Martina Hingis is the fourth youngest player to be inducted into the International Tennis Hall of Fame.
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Former No. 1 Martina Hingis was inducted into the International Tennis Hall of Fame in Newport, R.I., on Saturday, leading a class of greats that included NJTL founder Charlie Pasarell, Ion Tiriac and Cliff Drysdale, who were honored for their contributions to tennis, and 94-year-old Australian Thelma Coyne Long, who was inducted in the master player category.
At age 32, Hingis is the fourth youngest player to be inducted into the hall of fame, joining Tracy Austin (30), Bjorn Borg (31) and Hana Mandlikova (32).
"Thank you, tennis," Hingis said during her speech at the induction ceremony. "You gave me the world, and now I honestly am out of words because there are no words to explain what I feel. You chose to give me a place here for eternity."
Born in Czechoslovakia and named after Martina Navratilova, Hingis moved to Switzerland as a child and represented that country throughout her playing career. She first made a name for herself in the tennis world in 1993, when she won the French Open junior title at just 12 years of age.
She turned professional two weeks before her 14th birthday and went on to win five Grand Slam singles titles - the 1997, 1998 and 1999 Australian Opens, 1997 Wimbledon and 1997 US Open - nine Grand Slam doubles titles and one mixed doubles title. She won 43 singles titles and 37 doubles titles overall and held the No. 1 ranking for a total of 209 weeks during her career.
Injuries forced Hingis into early retirement at the age of 22, but she made a brief comeback four years later and retired for a second time in 2007.
Pasarell, 69, had a successful playing career in which he achieved the No. 1 ranking in the United States in 1967 and was a member of the U.S. Davis Cup team for five years, including the championship team in 1968. He won 18 singles titles, including the U.S. National Indoor Championships in 1966 and 1967. He was also the NCAA Singles and Doubles champion in 1966 while playing for UCLA.
Originally from San Juan, P.R., and now a longtime resident of California, Pasarell's contributions as a tennis industry leader have spanned all levels of the sport and have been a driving force in the growth of tennis for more than 40 years. In 1971, as tennis was in the pivotal transition to the Open Era, Pasarell and a group of his fellow players founded the ATP, with the goal of giving players a voice in structuring the new professional game. Over the years, he has remained highly active in the leadership of the organization and the development of men's pro tennis.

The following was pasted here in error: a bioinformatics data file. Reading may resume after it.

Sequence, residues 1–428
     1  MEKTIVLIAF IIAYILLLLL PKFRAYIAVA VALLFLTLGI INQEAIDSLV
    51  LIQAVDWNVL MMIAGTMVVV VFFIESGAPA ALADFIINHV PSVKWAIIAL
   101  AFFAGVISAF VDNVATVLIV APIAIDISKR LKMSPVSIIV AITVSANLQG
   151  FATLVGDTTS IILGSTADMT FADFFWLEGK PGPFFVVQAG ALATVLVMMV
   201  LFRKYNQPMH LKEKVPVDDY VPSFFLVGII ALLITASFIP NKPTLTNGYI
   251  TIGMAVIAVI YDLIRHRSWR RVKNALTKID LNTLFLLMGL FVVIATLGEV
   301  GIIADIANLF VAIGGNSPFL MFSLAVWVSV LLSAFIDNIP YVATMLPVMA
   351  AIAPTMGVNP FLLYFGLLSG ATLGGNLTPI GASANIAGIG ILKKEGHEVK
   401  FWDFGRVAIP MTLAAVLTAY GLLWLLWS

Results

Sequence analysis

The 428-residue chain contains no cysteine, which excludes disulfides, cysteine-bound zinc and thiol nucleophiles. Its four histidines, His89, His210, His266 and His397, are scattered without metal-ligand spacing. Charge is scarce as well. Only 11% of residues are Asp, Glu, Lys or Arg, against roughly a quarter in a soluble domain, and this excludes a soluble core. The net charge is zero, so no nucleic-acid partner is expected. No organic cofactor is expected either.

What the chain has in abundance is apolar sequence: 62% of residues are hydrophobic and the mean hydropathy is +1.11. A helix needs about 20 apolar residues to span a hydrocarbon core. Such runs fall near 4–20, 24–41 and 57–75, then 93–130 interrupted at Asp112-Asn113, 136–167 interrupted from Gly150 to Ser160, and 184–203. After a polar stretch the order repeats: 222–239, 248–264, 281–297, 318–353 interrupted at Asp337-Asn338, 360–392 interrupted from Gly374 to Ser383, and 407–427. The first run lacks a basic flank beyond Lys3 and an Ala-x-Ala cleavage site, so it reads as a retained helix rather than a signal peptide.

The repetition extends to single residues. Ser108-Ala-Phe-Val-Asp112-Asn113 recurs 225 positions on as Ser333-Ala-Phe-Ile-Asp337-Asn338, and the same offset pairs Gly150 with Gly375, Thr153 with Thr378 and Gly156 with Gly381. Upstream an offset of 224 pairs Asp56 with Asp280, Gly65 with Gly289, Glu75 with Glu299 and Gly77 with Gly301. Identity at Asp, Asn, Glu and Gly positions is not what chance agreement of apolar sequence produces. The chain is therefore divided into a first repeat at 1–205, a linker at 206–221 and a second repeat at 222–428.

A focus of Pasarell's tennis career has always been finding ways to utilize the game to give back to the community. At the height of his playing career, in 1969, Pasarell partnered with Arthur Ashe and Sheridan Snyder to launch National Junior Tennis League, an organization they founded to have a positive impact on at-risk children by introducing them to tennis to keep them off the streets and to encourage them to stay in school. Known today as National Junior Tennis and Learning (NJTL), the program is the largest grassroots tennis program in the United States, with more than 950 chapters.
Drysdale, 71, had a successful playing career in the 1960s and 1970s and a leadership role in the launch of the ATP Tour. After retiring, he turned his attention to tennis broadcasting and, for more than 30 years, has been one of the most respected voices in the sport.
Tiriac, 73, was a successful doubles player turned tennis power broker, who has been an influential tennis leader in roles ranging from coach to player manager to tournament promoter.
Long, 94, of Sydney, Australia, had a remarkable career for more than 20 years (1935-58), in which she captured a total of 19 Grand Slam titles in singles, doubles and mixed doubles. In 1952, she achieved a career-best ranking of No. 7 and completed an Australian triple by sweeping the singles, doubles and mixed doubles titles at the Australian Championships.